Tesla took a big hit in the markets on Monday, down over 9% to $US253 a share at the close.
The collapse is largely being chalked up to a note that Morgan Stanley analyst Adam Jonas published Monday, in which he reiterated an overweight rating on the stock but but expressed several “sobering factors” to consider about the stock.
Of these, this factor might be the most sobering:
In an autonomous world, why will people buy a Tesla? Our 15 year DCF [Discounted Cash Flow] coincides with the end of human driving and the dawn of crowd source mobility and mega fleets. Assuming people even buy cars at all, what will determine Tesla’s strategic and competitive advantage as a provider of mobility? We see scope for an array of new entrants who can apply Moore’s Law and comput[ing] power to move people and things around the surface of the earth. The rules are changing and at least some incumbent OEMs (i.e. BMW) are not falling asleep at the (disappearing) steering wheel.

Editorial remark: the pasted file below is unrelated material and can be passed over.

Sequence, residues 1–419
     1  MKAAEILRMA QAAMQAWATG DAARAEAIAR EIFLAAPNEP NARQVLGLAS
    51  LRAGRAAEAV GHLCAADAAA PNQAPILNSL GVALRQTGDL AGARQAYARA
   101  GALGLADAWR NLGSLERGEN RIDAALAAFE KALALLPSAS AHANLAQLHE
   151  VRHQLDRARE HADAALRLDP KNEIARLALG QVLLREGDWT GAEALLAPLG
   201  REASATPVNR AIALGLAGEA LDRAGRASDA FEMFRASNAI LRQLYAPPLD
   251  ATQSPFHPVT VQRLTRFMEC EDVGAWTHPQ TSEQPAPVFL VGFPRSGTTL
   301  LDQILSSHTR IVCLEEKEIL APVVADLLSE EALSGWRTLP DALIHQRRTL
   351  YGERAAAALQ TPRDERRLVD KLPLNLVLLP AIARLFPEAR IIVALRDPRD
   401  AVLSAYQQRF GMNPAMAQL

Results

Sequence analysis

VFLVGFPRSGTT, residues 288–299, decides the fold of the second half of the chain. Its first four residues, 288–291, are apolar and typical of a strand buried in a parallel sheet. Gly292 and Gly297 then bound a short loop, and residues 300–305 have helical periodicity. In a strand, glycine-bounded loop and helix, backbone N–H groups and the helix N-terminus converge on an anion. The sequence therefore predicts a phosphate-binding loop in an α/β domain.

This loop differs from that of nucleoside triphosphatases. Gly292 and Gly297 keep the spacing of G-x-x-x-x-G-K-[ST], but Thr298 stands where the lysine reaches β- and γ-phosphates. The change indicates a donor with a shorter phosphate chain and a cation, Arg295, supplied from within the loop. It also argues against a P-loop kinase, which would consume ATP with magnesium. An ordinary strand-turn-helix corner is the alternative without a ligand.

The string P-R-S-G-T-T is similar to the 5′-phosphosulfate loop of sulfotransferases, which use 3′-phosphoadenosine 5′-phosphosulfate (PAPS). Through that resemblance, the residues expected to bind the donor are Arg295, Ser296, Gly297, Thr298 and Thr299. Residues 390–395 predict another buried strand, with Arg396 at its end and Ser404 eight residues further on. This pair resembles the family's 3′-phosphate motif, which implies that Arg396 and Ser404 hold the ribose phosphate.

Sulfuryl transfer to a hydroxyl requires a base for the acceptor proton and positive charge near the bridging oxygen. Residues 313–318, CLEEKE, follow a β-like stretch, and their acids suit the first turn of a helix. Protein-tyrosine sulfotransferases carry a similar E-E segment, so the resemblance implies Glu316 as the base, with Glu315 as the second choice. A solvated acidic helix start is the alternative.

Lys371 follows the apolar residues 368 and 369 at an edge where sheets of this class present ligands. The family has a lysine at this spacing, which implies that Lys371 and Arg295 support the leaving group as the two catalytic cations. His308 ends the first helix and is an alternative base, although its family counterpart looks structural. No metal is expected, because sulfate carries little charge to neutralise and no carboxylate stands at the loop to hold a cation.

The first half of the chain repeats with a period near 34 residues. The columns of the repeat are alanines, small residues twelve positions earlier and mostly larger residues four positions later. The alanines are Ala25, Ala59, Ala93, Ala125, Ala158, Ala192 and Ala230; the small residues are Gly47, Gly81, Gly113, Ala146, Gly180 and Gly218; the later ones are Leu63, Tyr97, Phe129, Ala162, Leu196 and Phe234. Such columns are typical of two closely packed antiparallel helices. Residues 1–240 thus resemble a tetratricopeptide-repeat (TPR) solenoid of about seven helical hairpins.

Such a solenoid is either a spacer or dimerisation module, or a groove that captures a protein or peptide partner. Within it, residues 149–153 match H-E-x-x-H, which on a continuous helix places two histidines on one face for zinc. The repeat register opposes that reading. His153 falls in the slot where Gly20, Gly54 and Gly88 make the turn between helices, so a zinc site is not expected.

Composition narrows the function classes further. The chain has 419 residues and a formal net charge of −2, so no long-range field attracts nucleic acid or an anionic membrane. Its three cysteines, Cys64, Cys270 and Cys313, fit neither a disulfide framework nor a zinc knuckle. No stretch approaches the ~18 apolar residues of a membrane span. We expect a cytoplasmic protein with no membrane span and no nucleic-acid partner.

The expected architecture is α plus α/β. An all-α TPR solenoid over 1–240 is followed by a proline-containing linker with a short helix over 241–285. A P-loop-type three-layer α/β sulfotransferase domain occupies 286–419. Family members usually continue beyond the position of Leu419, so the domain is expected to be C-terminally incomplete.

That “disappearing” steering wheel is a reference to the a Google self-driving car concept, which lacks conventional vehicle instruments…and a steering wheel!
In the context of what remains a fairly bullish case for Tesla — albeit a bullish case that limits Tesla to a niche market — this is a rather radical statement to make about the future of mobility.
After all, new vehicle sales in the U.S. climbed above a 17-million annual pace in August. Doesn’t that mean people are buying cars like crazy? Won’t they continue to do so in the future?
Not necessarily, if there’s an “end to human driving,” as Jonas suggests. As mobility requires less and less — and eventually perhaps zero — driver input, then what happens to the romance associated with Tesla? Although the company is certainly the most successful electric carmaker in history, a lot of its story is emotional: You buy a Tesla because you want to drive the future and feel good about saving the planet.
Jonas also astutely predicts that the entire automobile industry isn’t going to sit idly by as Tesla becomes the dominant electric-vehicle (EV) manufacturer (even in a modest EV niche).
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